While the process of brewing and drinking beer is one of the most essential components of any Michigan brewery, what many brew enthusiasts don’t realize is just how much waste is created in the process. According to a study done by Gunter Pauli, the author of The Blue Economy, 92 percent of all brewing ingredients are wasted. Much of this waste is spent grain, and Frankenmuth Brewery and other craft brewers are doing our part to put it towards good use.
In Pauli’s 2003 study, almost 85 percent of breweries involved said that they sold or gave away their spent grain to local farmers for use as animal feed. This sense of recycling has put the brewing world ahead of many other industries. Yet, with the advancement of the brewery food in the past decade, breweries like Frankenmuth no longer have to give away waste. Instead, we are working to incorporate the leftovers into our recipes. In our own Michigan brewery kitchen, we use much of our spent grain to create the bread bowls for the plentiful amount of our famous chili that we serve everyday.
Breweries are famous for innovation in reinventing the brewing wheel. Great Lakes Brewing Company, located in Cleveland, Ohio, has also started to work with its waste in the same way our Michigan brewery has: by recycling it into menu items. In addition to using its spent grain for bread, the brewery has also begun experimenting with using waste grain to actually grow food.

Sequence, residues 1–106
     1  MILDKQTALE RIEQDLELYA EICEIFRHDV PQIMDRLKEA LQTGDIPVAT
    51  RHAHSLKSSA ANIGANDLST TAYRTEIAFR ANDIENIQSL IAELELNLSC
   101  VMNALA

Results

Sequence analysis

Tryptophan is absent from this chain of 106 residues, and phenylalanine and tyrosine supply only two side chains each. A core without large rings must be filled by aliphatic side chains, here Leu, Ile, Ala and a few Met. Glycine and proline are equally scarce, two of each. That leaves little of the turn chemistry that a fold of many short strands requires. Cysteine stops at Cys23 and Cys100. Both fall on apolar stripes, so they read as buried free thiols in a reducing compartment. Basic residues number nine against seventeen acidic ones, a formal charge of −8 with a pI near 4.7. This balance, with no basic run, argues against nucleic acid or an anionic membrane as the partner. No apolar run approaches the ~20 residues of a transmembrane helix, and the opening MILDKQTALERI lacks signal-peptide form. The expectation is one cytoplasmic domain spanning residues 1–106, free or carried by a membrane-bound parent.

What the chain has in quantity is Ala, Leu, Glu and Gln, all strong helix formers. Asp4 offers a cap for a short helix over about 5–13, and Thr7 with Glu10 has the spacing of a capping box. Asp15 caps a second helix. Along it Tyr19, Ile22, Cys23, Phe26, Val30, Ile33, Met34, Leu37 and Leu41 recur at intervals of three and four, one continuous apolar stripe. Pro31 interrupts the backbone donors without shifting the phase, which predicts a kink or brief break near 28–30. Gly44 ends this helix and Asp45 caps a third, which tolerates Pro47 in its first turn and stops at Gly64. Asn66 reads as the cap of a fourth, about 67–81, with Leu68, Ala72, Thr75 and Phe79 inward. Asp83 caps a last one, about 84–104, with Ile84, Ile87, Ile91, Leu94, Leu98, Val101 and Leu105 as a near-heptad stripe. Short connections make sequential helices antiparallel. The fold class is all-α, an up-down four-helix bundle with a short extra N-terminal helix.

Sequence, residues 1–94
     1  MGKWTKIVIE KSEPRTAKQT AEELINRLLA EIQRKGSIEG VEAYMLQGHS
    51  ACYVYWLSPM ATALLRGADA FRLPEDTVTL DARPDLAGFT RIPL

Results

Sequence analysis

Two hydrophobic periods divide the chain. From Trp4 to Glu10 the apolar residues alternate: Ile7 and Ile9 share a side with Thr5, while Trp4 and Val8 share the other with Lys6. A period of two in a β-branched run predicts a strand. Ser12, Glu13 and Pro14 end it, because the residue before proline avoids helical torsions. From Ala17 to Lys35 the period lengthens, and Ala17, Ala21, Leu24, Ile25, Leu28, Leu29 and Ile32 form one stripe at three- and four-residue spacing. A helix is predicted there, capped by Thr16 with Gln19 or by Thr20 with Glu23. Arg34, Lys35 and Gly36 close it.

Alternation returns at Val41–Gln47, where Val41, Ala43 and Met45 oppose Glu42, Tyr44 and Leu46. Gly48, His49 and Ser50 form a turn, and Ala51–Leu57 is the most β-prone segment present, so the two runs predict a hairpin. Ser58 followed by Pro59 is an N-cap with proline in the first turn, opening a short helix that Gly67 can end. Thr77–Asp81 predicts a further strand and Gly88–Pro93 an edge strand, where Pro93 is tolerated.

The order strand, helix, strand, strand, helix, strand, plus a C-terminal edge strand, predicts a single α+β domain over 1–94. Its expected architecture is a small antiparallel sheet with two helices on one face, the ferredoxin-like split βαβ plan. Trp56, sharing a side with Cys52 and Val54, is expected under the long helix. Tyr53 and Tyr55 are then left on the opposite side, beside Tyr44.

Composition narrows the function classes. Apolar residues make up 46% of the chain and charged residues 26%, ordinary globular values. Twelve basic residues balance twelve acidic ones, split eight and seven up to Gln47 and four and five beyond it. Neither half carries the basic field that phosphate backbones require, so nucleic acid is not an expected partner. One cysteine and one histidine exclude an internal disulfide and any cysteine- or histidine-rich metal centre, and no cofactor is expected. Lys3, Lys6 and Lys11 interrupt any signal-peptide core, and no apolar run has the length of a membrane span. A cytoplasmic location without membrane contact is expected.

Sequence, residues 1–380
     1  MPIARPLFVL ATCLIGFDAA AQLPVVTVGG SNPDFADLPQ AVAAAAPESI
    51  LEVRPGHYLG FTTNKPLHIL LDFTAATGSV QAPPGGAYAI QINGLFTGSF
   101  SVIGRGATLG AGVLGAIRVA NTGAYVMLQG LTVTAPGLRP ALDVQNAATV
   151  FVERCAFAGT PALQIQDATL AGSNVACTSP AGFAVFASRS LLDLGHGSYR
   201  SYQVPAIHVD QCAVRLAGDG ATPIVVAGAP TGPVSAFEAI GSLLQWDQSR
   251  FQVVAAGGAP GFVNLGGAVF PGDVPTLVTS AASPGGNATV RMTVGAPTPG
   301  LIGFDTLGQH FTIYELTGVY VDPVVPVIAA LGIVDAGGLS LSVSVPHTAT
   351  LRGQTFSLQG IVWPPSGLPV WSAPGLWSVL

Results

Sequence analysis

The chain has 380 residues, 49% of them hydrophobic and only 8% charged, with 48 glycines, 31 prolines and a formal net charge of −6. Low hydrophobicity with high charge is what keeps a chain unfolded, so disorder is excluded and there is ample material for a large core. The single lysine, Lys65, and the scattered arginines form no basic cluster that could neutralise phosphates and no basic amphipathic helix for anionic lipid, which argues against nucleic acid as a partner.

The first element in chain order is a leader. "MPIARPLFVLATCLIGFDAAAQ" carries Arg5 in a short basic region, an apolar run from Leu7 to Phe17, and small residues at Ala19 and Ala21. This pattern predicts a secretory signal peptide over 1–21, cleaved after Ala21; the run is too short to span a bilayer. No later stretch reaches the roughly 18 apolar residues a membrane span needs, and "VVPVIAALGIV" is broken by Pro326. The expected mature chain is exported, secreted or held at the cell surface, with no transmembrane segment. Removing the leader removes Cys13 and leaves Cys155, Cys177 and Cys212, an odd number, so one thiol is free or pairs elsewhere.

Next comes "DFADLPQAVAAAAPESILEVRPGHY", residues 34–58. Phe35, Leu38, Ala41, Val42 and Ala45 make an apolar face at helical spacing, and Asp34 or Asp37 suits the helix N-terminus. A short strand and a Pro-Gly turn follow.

Elsewhere, inventor Eric Fitch has outfitted Magic Hat’s Vermont brewery with a new machine, the anaerobic methane digester. While the invention is a bit of a mouthful, and cost nearly four million dollars to build, the machine can be used to turn brewing waste into natural gas. According to Fitch’s company Purpose Energy, the 42-foot tall building is capable of holding 490,000 gallons of water waste and can turn that into 200 cubic feet of bio-gas per minute.
Frankenmuth Brewery is dedicated to continuing our progression toward total eco-consciousness. While it starts with little things like donating waste to local farmers for animal feed and making food from our spent grain, we will continue to find ways to reduce the waste of our Michigan brewery. We are proud to see our brewing brethren following suit.Google+